Not expecting any miracles, I started by connecting the board directly to my Dell U2410 monitor. As expected the result was underwhelming but at least the monitor did sync on the signal. The resolution and scaling was incorrectly detected which caused the vertical lines. Next I tried using the Open Source Scan Converter which did a much better job of dealing with the non-standard signal. If you do not know what the OSSC is then check it out here. It's basically a device that scales an analog video signal into a reasonably valid HDMI or DVI signal. Just what we need here. Using the OSSC the results was much better! The auto-detect did not detect the signal properly and needed a little help but after a little tweaking the picture was perfect. These are the OSSC parameters I used: - Horizontal sample rate = 704.00 - Horizontal sync length = 14 - Horizontal back porch = 164 - Horizontal active pixels = 512 - Vertical sync length = 1 - Vertical back porch = 26 - Vertical active pixels = 342 Another photo of the screen with OSSC scan lines added. Almost like sitting in front of a real compact Mac. A modern monitor with 16:10 aspect ratio is not too bad for this purpose actually since it is not that far from the aspect ratio of the compact Mac.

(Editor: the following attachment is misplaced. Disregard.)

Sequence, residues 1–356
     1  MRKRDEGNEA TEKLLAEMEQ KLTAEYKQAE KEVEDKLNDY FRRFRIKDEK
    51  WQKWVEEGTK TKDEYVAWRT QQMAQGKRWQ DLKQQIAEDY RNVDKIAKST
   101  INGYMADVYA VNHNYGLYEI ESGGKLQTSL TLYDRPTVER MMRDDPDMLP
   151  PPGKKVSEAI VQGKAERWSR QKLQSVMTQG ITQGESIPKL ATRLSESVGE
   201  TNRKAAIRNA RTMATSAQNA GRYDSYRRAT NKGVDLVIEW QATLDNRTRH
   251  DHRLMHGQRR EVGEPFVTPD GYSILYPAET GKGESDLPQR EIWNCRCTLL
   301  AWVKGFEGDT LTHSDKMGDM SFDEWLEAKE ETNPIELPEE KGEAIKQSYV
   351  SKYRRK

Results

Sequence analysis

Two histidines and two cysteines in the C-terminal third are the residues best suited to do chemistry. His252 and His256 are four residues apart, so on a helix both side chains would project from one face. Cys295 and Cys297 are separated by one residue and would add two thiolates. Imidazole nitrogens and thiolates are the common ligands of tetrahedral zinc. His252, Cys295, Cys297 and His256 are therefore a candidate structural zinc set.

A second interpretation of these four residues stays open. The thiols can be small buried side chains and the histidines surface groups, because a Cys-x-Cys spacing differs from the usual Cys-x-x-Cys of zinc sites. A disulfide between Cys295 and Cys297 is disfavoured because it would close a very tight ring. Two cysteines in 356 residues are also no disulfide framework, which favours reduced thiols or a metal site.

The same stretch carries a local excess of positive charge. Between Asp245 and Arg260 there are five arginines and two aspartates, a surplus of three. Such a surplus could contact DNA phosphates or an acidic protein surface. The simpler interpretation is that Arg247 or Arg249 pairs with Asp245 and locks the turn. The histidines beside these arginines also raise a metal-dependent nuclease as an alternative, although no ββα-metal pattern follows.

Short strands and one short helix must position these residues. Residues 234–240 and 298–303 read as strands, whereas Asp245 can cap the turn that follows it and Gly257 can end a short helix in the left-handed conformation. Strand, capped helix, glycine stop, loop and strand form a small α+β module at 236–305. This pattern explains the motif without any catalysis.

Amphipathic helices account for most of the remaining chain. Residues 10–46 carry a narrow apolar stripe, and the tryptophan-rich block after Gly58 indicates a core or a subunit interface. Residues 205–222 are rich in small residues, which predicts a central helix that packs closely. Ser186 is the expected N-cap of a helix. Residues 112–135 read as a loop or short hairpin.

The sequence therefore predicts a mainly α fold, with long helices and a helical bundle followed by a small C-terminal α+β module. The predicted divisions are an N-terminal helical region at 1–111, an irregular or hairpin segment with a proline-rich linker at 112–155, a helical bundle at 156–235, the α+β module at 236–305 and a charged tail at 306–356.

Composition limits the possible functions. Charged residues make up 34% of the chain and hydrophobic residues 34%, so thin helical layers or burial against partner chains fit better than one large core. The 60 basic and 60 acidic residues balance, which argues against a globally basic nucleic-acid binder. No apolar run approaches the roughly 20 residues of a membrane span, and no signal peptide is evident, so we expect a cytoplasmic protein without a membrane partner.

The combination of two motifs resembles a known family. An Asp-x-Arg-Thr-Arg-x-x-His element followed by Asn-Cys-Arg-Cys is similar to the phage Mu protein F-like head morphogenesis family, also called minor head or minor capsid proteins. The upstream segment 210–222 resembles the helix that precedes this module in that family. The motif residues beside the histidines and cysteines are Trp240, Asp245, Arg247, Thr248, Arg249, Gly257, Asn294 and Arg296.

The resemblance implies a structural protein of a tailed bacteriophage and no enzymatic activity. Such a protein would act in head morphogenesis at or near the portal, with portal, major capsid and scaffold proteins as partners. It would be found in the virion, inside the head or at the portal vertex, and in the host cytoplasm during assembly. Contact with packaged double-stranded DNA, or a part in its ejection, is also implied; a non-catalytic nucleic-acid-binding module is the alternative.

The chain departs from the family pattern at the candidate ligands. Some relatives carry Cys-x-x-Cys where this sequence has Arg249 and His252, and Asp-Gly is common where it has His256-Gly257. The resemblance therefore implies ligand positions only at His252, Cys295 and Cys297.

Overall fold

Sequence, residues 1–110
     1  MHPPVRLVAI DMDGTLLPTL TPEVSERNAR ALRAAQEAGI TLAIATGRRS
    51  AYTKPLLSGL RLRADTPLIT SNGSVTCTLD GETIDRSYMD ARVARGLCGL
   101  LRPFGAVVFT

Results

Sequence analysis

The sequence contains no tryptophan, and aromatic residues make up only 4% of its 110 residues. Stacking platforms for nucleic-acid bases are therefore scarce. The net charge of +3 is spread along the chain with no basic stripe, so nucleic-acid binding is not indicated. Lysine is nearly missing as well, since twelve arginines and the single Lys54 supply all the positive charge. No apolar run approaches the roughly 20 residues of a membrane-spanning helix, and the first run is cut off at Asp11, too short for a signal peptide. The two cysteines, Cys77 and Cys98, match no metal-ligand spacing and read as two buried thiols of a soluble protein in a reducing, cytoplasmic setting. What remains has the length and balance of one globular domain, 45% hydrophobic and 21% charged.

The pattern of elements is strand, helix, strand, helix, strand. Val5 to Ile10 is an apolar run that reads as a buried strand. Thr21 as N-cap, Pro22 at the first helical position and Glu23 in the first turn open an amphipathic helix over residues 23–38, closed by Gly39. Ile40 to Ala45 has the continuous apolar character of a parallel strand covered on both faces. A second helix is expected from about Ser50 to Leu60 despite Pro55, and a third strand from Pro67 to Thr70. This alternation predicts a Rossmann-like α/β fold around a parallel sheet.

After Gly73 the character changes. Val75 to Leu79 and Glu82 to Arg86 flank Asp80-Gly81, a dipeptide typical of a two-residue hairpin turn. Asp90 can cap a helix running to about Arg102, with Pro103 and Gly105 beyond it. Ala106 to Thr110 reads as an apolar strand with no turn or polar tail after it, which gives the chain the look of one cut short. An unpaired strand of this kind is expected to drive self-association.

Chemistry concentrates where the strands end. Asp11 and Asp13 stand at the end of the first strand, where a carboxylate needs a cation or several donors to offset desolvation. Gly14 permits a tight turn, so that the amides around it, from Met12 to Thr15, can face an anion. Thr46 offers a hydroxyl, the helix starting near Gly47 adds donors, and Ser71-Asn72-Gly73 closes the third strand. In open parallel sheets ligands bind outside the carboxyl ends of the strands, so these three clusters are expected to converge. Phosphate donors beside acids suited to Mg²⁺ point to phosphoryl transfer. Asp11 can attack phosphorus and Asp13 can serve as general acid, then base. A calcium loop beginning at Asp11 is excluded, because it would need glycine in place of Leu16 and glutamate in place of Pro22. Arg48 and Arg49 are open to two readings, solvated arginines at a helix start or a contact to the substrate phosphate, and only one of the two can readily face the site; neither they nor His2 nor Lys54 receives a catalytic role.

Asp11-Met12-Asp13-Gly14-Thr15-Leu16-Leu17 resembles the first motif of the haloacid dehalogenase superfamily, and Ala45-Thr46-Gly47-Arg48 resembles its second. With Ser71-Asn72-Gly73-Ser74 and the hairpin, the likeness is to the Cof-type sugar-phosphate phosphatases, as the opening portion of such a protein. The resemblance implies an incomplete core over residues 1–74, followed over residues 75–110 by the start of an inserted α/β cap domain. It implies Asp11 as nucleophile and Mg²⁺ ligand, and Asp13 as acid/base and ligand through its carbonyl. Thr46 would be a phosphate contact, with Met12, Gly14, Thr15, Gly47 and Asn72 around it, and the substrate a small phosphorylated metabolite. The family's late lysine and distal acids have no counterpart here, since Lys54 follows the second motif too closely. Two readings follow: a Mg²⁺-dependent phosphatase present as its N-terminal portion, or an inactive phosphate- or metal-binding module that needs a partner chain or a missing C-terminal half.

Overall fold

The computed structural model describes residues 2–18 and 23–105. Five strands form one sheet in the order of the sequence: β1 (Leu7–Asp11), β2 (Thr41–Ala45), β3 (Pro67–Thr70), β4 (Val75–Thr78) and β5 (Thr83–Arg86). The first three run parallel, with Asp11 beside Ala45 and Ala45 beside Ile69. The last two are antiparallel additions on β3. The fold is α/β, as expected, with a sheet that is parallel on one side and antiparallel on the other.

2022-08-28: Update for the Macintosh Plus

When trying the same thing on a Macintosh Plus I could not get any monitor or the OSSC to sync on the output. On paper the specifications for the video on the Mac Plus is the same as for the Mac SE above so in theory it should have worked. This had me stumped for a while until I had a look at the vertical sync. The start of the Mac Plus vertical sync signal aligns with the Mac SE but it is ridiculously long. Over 20 lines! For comparison regular VGA, and the Mac SE, has a vertical sync signal that is around 4 lines long. I made another adapter specifically for the Mac Plus that incorporated an extra circuit to shorten the vertical sync signal. There was a free '86 gate available so I just used that as an inverter and then a simple RC filter. It worked really well and the OSSC can now lock onto the Mac Plus video signal without any issues.